Question 12In this passage from Oliver TwistRead answer
, by Charles Dickens, the main character has recently been placed in a workhouse for the poor. this passage. Then, the question.
Poor Oliver! He little thought, as he lay sleeping in happy unconsciousness of all around him, that the board had that very day arrived at a decision which would exercise the most material influence over all his future fortunes. But they had. And this was it:
The members of this board were very sage, deep, philosophical men; and when they came to turn their attention to the workhouse, they found out at once, what ordinary folks would never have discovered—the poor people like it! ... "Oho!" said the board, looking very knowing; "we are the fellows to set this to rights; we'll stop it all, in no time" So, they established the rule, that all poor people should have the alternative )for they would compel nobody, not they) of being starved by a gradual process in the house, or by a quick one out of it. With this view, they contracted with the waterworks to lay on an unlimited supply of water; and with a corn factory to supply periodically small quantities of oatmeal; and issued three meals of thin gruel a day, with an onion twice a week, and half a roll on Sundays.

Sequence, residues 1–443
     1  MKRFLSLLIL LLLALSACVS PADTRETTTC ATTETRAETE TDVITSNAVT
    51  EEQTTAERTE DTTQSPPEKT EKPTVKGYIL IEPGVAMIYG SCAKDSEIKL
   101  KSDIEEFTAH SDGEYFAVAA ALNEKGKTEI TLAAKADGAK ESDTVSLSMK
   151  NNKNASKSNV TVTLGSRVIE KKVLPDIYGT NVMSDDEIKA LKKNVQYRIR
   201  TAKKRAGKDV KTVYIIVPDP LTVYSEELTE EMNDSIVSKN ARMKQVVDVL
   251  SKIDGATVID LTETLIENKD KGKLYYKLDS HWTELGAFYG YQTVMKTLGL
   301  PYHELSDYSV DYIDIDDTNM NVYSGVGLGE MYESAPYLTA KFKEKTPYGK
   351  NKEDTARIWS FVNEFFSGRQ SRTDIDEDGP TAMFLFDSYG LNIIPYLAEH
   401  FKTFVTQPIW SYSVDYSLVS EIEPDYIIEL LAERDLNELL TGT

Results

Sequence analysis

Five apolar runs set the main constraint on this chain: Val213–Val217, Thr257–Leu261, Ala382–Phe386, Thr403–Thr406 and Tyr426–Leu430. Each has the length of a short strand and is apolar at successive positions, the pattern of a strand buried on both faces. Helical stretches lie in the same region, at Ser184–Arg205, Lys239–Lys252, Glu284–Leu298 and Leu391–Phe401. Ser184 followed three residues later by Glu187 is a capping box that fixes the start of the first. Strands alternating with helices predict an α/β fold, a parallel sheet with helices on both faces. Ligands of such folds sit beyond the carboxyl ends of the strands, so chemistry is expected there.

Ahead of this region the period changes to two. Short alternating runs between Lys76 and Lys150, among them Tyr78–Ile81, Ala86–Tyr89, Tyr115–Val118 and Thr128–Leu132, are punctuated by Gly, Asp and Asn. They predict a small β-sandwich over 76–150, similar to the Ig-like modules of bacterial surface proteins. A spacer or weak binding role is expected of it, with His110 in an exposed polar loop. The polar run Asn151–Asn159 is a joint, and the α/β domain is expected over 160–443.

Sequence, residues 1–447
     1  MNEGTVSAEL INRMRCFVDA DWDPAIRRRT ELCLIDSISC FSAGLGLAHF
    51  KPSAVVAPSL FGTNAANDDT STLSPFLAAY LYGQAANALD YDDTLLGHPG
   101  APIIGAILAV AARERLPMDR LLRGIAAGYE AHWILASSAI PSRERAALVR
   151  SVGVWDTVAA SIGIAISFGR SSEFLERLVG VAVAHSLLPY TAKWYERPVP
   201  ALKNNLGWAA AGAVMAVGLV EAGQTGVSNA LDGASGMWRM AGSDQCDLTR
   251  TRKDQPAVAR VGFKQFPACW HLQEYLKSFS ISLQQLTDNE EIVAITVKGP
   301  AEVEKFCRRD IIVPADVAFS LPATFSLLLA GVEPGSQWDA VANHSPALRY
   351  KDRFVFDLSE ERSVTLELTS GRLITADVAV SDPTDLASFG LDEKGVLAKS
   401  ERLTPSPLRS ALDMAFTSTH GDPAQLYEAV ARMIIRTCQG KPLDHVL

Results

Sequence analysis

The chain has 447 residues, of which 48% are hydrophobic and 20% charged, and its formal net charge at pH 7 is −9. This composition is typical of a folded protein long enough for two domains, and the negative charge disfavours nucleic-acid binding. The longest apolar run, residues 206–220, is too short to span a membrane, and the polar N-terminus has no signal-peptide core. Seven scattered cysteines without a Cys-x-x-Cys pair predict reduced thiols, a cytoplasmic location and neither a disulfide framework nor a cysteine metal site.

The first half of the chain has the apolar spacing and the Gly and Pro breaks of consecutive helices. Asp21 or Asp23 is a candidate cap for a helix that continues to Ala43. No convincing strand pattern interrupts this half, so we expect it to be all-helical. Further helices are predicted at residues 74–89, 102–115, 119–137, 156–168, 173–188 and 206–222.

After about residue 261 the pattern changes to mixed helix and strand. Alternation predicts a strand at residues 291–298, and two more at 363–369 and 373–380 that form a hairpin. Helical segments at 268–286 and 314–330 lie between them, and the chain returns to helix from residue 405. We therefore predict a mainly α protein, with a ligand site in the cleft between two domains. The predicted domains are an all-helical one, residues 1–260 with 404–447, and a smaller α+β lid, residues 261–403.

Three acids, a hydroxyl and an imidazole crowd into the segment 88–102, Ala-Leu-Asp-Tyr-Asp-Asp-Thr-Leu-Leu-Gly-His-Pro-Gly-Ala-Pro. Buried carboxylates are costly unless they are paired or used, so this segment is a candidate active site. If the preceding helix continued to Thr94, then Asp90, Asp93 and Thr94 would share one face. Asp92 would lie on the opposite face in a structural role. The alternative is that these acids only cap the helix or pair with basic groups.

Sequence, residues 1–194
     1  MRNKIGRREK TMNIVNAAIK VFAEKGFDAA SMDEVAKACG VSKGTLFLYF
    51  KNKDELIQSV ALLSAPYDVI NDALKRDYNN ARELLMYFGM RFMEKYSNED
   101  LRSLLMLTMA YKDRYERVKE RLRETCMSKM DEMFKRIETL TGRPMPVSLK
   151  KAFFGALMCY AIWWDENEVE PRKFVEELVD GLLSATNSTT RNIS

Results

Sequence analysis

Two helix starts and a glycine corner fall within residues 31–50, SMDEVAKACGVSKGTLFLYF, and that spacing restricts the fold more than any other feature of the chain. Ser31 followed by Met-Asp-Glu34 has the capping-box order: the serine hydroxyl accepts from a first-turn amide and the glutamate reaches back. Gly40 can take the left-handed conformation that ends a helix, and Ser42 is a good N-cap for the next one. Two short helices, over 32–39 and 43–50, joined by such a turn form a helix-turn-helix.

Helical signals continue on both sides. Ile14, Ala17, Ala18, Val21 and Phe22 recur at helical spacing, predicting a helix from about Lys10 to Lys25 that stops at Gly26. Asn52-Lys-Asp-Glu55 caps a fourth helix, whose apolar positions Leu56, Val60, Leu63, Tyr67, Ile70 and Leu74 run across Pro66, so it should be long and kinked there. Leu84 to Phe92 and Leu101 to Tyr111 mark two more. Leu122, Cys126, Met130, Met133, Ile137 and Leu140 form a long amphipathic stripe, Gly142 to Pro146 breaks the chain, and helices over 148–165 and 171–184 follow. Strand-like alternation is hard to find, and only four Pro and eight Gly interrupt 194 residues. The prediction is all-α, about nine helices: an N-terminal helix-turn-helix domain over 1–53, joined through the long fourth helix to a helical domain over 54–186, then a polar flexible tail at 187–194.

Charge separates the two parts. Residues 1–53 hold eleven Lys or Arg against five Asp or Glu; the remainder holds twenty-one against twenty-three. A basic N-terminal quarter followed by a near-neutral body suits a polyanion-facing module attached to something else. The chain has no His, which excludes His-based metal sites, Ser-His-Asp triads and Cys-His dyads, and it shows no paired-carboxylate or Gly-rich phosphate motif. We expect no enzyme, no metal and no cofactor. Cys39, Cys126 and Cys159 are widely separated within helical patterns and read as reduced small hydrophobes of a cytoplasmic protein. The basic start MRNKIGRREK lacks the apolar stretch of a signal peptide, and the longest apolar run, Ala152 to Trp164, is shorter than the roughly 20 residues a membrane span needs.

What seems to be the writer's chief purpose in this passage?
A. to entertain readers with amusing ironies concerning workhouse life
B. to expose a social problem and persuade readers to help correct it
C. to recount entertaining events in the life of Oliver Twist
D. to inform readers of the ingredients of gruel and its role in the British diet
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